The French surgeon peeled off the flesh of the child's face, exposing the skull underneath. Two of the many bones that make up the skull were fused together, deforming the appearance of the face. The doctor used a saw to cut the bones apart, then manipulated them into their proper places. The scalp was stitched back on.When Jeffrey Fearon observed this operation, he was completing his surgical residency at the New England Deaconess Hospital in Boston. It was 1982, and this type of facial surgery to fix a birth deformity was just beginning to be performed. The French doctor was one of the few surgeons in the world who knew how to do it. To Fearon, it seemed nothing short of miraculous. "It just seemed impossibly hard to me," he says. "I decided that's what I wanted to do with my life."
Fearon now works in Dallas at the Craniofacial Center as a surgeon specializing in fixing rare birth defects of the skull and face in children. The kids who come to him from around the world have conditions like Pfeiffer syndrome, a genetic disorder in which the eyes bulge, the jaw fails to develop, and the nose becomes beaked; and Apert syndrome, in which the middle of the face is recessed and the child's toes and fingers are fused together. All these conditions have a similar cause—the skull's bones don't separate when the baby is in the uterus and instead remain stuck together. As the child's brain grows larger, pressure builds inside the head, which can lead to brain damage. And then there is the psychological damage that comes from having a misshapen face. "If you don't look normal, you don't get treated normal by others," Fearon says.
About ten years ago, a seven-year-old girl named Torey Harrah showed up at Fearon's office, seeking treatment for Apert syndrome. The middle of her face was sunken as if someone had smashed it down.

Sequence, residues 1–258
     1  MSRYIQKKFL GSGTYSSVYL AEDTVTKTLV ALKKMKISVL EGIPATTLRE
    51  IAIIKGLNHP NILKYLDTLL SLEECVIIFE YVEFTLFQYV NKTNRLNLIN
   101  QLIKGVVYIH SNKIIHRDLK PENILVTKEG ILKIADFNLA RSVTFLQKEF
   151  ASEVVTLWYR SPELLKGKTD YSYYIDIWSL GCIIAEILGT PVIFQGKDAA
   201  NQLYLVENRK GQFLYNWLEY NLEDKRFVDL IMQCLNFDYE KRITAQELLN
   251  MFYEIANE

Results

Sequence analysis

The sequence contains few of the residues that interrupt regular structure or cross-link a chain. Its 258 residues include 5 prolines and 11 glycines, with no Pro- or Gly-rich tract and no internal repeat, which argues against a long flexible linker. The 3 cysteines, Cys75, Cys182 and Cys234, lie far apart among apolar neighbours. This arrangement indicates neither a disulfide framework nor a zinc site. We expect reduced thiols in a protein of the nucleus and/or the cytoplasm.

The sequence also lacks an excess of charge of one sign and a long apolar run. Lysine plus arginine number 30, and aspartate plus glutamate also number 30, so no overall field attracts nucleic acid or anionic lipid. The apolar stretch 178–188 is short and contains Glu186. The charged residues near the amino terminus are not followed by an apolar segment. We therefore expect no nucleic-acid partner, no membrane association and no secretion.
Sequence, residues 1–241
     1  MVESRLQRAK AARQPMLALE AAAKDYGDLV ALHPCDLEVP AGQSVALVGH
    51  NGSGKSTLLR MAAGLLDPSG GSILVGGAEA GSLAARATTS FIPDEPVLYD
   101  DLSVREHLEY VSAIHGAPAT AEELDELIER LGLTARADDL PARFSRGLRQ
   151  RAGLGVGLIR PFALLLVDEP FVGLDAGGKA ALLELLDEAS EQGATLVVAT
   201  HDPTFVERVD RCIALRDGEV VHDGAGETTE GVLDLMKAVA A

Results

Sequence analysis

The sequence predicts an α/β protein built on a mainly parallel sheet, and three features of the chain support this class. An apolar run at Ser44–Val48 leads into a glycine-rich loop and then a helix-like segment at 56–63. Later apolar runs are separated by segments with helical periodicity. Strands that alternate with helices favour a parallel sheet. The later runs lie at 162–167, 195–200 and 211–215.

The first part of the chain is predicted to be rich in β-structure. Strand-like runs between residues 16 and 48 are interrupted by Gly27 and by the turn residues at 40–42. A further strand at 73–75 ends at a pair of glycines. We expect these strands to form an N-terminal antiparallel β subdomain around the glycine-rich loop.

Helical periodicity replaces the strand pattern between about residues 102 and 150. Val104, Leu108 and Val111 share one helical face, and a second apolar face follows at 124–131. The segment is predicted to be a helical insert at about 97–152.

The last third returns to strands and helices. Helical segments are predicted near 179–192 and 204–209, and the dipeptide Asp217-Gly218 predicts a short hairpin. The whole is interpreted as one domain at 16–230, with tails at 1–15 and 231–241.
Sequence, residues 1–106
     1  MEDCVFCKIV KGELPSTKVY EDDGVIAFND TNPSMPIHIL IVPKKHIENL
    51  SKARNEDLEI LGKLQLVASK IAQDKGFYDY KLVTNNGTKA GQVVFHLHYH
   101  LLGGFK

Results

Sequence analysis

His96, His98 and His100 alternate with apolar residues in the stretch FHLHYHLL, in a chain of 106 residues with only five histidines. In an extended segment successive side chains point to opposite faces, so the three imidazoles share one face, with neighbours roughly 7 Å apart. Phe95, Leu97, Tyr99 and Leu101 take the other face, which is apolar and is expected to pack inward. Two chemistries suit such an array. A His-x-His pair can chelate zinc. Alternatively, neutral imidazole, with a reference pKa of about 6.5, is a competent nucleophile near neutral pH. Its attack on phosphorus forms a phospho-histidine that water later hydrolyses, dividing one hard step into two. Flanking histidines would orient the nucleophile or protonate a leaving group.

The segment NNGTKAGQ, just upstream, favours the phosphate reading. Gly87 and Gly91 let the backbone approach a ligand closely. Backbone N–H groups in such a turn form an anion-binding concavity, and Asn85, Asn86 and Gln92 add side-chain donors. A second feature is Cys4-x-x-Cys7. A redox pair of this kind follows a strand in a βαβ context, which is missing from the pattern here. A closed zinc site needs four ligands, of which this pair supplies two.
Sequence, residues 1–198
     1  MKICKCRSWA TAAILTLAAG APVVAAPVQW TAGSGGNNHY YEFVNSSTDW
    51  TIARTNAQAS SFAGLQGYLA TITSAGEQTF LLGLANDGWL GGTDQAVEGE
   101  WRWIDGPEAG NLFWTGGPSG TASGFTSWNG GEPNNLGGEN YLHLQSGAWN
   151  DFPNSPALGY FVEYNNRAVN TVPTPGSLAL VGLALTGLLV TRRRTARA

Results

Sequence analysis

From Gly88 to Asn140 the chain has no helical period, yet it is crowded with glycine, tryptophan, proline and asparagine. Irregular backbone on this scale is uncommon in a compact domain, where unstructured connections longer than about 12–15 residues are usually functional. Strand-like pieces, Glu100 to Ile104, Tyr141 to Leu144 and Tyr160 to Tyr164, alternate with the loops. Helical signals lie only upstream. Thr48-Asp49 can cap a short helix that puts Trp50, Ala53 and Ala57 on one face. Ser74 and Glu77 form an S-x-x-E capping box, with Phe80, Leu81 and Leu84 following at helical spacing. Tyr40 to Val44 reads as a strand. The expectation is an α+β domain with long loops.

As it happened, Fearon had developed a new technique for fixing such a deformity. It involved placing a halo or ring with protruding rods, on the patient's head to keep it stabilized. With the scalp peeled back and the bone fully exposed, a metal bar drops down in front of the eyes. "You turn screws on this bar, slowly pulling the bones of the face forward," Fearon says. It is "brutal-sounding," he adds, but in fact it is harnessing the regenerative powers of the body. "If you pull the bones forward slowly enough," Fearon says, "the body fills the gap left behind with new bone" after several weeks. The surgery was a success and, for the next decade, a camera crew filmed the changes the girl went through as her "new face" took shape. The film, Torey's Distraction, has been shown at festivals in Austin and Dallas.
Fearon now performs surgery on children with craniofacial defects five days a week.
He says he follows two guiding principles in his practice—he makes time every day to answer his patients' e-mails, and he doesn't turn anyone away for lack of ability to pay. "If I'm a patient, I want to go to a doctor for just that slight advantage in experience," Fearon says. "I want my care affordable to anyone who wants me as a doctor."